EdTech impacts on learning can be broad and long-term. Here’s how you can measure those impacts over time
Education has been forever changed by the introduction of technology. There is no question that students are learning in entirely new ways, but the question most often asked is: how can we measure the impact of technology? In this post, we’ll talk about measuring the correlation between edtech and learning as well as other important outcomes to consider, from digital citizenship and inclusiveness to important real-world skill development. We collectively call all of these outcomes a Return on Education (RoE).
Before we talk outcomes, first we must begin with a vision; simply deploying devices or apps will not guarantee positive outcomes. Pedagogy is the foundation of delivering a solid RoE for any edtech investment. Districts require clear vision and leadership on how teaching and learning are supposed to change, and how best to support that vision at both the IT and classroom level with the right technology and training.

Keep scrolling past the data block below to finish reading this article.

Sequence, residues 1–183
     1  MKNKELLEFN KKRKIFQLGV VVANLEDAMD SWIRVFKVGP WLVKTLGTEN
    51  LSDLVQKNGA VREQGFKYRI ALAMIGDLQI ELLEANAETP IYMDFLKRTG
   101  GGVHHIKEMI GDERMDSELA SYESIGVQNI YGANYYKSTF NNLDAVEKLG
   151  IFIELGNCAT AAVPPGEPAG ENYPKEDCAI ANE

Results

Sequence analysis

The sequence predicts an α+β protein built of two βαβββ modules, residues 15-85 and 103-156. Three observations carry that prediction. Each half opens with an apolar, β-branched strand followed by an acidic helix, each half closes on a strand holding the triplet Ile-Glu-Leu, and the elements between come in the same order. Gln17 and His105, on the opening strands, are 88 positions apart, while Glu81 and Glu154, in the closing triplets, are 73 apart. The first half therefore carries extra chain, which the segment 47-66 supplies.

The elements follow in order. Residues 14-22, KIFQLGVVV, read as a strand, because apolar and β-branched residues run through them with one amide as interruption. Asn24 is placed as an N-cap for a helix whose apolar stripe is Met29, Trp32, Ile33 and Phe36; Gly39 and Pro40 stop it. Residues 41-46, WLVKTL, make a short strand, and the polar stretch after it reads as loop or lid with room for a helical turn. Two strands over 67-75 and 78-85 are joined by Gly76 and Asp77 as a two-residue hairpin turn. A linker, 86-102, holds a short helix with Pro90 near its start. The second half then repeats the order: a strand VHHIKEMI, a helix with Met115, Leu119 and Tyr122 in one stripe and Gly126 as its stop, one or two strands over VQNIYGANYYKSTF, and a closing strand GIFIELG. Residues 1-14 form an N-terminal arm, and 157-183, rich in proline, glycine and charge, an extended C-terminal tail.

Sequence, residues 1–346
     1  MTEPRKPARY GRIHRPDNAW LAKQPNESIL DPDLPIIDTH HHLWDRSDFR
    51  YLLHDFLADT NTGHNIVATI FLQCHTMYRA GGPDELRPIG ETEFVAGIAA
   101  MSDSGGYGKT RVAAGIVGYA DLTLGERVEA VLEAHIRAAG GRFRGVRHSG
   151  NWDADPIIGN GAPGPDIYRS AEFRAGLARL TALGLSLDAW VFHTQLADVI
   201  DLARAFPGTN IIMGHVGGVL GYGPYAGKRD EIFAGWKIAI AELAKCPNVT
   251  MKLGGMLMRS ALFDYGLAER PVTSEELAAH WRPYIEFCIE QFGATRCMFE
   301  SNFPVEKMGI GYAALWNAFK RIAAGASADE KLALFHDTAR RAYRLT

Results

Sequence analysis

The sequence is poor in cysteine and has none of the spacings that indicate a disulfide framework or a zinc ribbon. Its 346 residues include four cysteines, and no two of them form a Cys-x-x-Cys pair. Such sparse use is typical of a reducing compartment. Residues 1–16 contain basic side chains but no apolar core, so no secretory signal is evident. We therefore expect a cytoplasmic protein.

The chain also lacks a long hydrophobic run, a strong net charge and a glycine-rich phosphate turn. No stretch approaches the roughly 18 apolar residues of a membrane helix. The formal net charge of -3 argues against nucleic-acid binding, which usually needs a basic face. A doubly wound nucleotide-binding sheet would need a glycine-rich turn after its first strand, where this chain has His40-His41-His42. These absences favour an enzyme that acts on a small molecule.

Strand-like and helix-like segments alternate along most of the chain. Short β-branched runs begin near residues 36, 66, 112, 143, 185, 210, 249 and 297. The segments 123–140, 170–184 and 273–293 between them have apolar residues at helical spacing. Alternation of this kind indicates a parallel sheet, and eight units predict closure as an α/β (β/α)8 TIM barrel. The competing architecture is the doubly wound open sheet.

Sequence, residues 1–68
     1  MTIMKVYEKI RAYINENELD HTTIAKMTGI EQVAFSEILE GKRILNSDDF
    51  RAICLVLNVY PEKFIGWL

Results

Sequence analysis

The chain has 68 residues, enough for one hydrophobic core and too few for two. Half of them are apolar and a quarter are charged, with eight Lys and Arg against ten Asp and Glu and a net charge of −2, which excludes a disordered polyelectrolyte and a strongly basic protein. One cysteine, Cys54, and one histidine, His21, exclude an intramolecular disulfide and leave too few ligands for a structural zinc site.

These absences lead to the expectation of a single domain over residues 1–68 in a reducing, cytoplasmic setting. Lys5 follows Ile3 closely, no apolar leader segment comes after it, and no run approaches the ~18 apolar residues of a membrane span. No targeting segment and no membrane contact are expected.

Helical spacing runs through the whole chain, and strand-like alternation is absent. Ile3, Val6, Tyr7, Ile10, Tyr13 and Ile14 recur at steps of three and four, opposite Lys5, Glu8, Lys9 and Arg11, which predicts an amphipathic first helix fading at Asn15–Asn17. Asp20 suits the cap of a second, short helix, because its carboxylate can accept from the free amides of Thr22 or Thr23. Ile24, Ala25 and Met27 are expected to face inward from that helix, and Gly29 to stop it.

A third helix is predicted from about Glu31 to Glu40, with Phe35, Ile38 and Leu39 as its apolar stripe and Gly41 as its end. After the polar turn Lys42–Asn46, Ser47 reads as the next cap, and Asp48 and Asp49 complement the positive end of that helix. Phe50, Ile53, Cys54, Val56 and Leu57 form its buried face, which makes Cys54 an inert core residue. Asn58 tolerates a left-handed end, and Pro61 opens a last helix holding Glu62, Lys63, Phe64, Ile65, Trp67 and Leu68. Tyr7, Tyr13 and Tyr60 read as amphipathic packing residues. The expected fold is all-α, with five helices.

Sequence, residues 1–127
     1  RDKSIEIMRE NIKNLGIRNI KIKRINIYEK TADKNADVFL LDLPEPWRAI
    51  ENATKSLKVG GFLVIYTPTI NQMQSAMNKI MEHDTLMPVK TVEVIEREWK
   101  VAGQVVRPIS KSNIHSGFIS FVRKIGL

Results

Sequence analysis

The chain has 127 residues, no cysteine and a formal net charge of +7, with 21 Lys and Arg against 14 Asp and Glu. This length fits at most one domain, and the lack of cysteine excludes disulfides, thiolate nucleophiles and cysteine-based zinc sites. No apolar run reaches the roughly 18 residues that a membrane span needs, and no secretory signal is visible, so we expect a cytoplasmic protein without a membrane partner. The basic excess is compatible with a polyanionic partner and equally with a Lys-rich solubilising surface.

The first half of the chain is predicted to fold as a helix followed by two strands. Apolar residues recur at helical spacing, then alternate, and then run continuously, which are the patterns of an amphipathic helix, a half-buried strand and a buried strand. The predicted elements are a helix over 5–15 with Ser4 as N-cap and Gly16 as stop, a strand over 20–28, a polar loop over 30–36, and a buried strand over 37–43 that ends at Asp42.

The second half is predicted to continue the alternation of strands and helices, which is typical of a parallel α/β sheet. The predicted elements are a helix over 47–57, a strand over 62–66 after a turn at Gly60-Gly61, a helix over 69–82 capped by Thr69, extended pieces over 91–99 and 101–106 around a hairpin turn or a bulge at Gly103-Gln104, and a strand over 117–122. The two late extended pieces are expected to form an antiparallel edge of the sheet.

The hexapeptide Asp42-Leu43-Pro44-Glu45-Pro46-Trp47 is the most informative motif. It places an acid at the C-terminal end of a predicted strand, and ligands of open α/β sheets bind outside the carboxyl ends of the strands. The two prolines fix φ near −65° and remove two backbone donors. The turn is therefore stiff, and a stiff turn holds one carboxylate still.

Among the top reasons edtech projects fail are:
Device purchases fail to meet curriculum needs
Infrastructure limitations (bandwidth, Bluetooth, home connectivity)
Deployment and management issues
Lack of leadership on educational vision
Stakeholders are not engaged beyond the initial launch of new devices
Devices are used passively within the classroom (a failure to shift to new pedagogy models)
Once we’ve established a clear vision and plan to support new technology, we can then talk outcomes.
The Impact of Digital Learning on Achievement
Test scores. This is where most parents and school districts want to see mobility as a result of edtech purchases. Are these expensive devices, gadgets, or applications improving test scores? First, as a district or school, you must decide what quantitative or formative metrics matter the most and what percentage improvement would constitute success.